Michael Fallon, the British defense secretary, is in India this week for a four-day-long official visit, where he will meet with his Indian counterpart Arun Jaitley. Jaitley has temporarily assumed charge of the Indian defense ministry portfolio, in addition to his duties as finance minister, following the departure of Manohar Parrikar to serve as the chief minister of Goa following recent state-level elections.
Fallon’s visit will focus on expanding defense commercial cooperation between India and the United Kingdom, with a focus on technology transfer and spurring Indian defense manufacturing in line with Indian Prime Minister Narendra Modi’s “Make in India” initiative.
It is additionally the first high-level U.K.-India defense interaction since Prime Minister Theresa May invoked Article 50 of the European Union charter in late March, thereby formally beginning the process of the U.K.’s withdrawal from the supranational body. As the U.K. anticipates “Brexit,” it has been looking to secure favorable trade and other arrangements with non-EU countries.Enjoying this article? Click here to subscribe for full access. Just $5 a month.
Philip Hammond, the U.K.’s finance minister, visited India recently, where he also met with Jaitley, but failed to secure a bilateral investment deal. Fallon, by contrast, won’t be looking to extract major concessions from India or secure any defense contracts immediately with the world’s largest arms importer. Instead, Fallon’s approach in India will focus on offering up technological know-how and expertise, according to the Financial Times. (This is despite a fall in the value of defense exports from the U.K. to India from $1.2 billion in 2010 to $42.5 million in 2015.)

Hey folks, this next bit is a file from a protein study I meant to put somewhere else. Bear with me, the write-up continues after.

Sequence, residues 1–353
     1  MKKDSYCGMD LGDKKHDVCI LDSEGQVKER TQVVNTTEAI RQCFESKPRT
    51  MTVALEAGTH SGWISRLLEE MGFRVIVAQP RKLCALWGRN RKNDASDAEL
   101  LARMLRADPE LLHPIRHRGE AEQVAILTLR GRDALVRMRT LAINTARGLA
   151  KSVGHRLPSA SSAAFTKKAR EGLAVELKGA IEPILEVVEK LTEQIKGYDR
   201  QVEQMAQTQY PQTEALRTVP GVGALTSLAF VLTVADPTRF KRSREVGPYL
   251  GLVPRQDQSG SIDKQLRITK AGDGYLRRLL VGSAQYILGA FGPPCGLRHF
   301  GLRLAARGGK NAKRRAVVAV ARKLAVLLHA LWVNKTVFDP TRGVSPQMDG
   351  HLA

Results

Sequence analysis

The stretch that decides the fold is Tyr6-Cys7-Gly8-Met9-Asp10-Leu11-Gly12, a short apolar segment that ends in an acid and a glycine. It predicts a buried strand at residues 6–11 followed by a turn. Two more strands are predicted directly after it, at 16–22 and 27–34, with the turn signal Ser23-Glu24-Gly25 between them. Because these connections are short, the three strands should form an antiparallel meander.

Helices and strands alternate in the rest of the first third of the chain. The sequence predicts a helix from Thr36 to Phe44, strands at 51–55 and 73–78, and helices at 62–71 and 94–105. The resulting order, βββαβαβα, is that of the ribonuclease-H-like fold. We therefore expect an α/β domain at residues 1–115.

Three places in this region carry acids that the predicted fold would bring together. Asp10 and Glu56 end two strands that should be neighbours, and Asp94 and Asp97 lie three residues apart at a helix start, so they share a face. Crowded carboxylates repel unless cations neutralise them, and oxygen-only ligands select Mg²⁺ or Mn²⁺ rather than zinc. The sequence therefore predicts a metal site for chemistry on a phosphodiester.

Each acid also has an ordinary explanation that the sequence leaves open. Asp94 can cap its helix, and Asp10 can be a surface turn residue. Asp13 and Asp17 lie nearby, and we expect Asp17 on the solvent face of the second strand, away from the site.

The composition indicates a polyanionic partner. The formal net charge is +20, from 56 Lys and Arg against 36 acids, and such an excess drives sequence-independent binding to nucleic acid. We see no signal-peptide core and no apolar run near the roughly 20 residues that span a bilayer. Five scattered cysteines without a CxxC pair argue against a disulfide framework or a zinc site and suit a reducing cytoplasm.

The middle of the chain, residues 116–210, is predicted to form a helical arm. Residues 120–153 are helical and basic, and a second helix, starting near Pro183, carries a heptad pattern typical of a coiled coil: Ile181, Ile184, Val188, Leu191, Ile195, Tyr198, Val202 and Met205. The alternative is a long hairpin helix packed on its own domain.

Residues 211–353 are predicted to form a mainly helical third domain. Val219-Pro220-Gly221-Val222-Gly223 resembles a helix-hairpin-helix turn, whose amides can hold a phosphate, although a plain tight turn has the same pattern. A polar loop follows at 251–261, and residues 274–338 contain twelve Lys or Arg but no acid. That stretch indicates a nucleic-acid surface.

In Delhi on Wednesday, Fallon said “It is important that we work together to design and drive those technologies to use the best of India’s brain power with the expertise of our long-established defense companies.” The U.K. may also look to assist the Indian government in overhauling its existing defense procurement processes, which have faced both internal and external criticism for being prone to delays and cost overruns.
In addition to defense commercial matters, Fallon reiterated the U.K.’s commitment to cooperating with India on terrorism. “No country is immune from terrorism. India and the U.K. need to work even harder, and more closely, to combat it,” he said, speaking in the aftermath of a March terror attack in London by a 52-year-old Briton that was later claimed by the Islamic State. “Terrorism is high on our agenda,” Fallon added.